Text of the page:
Learning to look after yourself


As young people hit the teenage years it’s natural for them to want greater independence and privacy. Self-management and transition groups can be a great way to help young people learn to do more for themselves in a safe environment.

Teen Academy - a great way to learn new skills

The groups bring older children and young adults together to gain independent living skills. The aims of the groups are to develop confidence and abilities with life skills in a fun and social environment. Groups currently run twice a year at the Bobath Therapy Centre and are aimed at those in either secondary school or college education. The groups tend to be small in number and are limited, due to the number of therapists required to facilitate the mixture of age, sex and abilities.  Parents and carers don't take part as the emphasis is on independence.

Through access to combined physiotherapy, speech and language therapy and occupational therapy the groups work on specific goals. 

What happens at a teen academy?

Everyone who comes to the Teen Academy comes with a goal, or ideas for new skills they’d like to learn. All these goals are combined and turned into an activity for the week. Here are some of the activities from previous years:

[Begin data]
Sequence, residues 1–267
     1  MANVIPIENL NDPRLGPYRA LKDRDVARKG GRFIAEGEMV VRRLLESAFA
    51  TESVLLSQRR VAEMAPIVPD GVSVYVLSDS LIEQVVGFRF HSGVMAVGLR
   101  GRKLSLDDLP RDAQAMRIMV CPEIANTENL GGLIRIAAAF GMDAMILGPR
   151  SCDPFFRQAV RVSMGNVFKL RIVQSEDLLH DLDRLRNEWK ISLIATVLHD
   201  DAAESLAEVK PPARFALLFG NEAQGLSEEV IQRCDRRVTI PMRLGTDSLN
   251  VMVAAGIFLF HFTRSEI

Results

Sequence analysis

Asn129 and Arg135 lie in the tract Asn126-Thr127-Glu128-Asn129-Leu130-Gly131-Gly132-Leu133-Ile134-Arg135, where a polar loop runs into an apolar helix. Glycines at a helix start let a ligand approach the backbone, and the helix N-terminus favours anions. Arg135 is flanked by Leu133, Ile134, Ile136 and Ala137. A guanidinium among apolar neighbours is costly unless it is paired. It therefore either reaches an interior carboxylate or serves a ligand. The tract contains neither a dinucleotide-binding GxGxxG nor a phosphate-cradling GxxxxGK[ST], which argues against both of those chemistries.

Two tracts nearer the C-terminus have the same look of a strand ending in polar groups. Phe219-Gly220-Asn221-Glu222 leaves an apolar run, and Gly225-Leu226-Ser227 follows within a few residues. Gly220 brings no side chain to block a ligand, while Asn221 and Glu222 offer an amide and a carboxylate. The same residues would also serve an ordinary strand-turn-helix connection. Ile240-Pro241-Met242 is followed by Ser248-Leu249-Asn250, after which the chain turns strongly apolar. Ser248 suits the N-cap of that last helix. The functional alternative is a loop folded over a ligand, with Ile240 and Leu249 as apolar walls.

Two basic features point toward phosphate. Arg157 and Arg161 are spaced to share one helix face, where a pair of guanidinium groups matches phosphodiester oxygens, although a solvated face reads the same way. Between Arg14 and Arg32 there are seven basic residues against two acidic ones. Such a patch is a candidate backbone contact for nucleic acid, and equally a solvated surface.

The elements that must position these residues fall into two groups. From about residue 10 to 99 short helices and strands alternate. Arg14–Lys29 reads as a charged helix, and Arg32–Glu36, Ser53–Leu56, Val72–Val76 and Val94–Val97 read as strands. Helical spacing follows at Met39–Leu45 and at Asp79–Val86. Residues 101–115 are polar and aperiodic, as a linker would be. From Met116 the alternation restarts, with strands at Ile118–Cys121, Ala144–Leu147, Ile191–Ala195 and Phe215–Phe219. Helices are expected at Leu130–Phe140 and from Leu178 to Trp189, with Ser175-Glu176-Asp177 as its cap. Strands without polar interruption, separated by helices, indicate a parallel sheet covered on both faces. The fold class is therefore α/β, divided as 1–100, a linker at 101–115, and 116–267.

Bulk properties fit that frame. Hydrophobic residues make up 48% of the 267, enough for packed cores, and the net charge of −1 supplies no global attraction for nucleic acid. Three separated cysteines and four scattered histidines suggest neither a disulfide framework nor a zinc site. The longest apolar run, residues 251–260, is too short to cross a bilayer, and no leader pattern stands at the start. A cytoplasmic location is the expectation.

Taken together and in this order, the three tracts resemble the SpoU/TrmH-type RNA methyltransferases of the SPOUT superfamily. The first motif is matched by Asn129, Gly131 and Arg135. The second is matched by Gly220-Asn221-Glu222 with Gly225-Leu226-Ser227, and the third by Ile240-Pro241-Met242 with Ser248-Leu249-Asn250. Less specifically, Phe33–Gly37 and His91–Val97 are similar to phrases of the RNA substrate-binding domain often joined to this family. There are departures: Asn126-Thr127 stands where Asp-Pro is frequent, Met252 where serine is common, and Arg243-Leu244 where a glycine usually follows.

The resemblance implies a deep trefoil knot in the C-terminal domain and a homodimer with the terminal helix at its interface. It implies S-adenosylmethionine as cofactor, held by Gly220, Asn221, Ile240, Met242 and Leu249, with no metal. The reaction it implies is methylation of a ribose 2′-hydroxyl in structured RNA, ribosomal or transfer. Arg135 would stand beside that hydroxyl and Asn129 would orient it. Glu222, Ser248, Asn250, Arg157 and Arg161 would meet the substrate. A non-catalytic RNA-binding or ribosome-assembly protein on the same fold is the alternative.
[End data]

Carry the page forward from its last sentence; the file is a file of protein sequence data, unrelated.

Magic Show: An entertaining way to build confidence and strength in fine motor skills. The tricks involved lots of fiddly tasks with the hands!

Fashion Show: Tasks included combing hair, doing zips and visiting a local department store to test new skills getting changed in the limited space of a changing room.

How to apply

If you, or the young person you care for would like to be considered for a place, please contact Bobath Scotland here or call 0141 352 500.

Unfortunately, places are limited and only open to those able to attend the full five days. If you are given a place you will be asked to attend a ‘getting to know you’ session prior to the group to go over your individual needs and goals.


Enquire are the Scottish advice service, funded by the Scottish Government, for additional support for learning. They offer independent and impartial advice and produce a useful factsheet on ‘Post-school learning advice and information for disabled learners and their families.’

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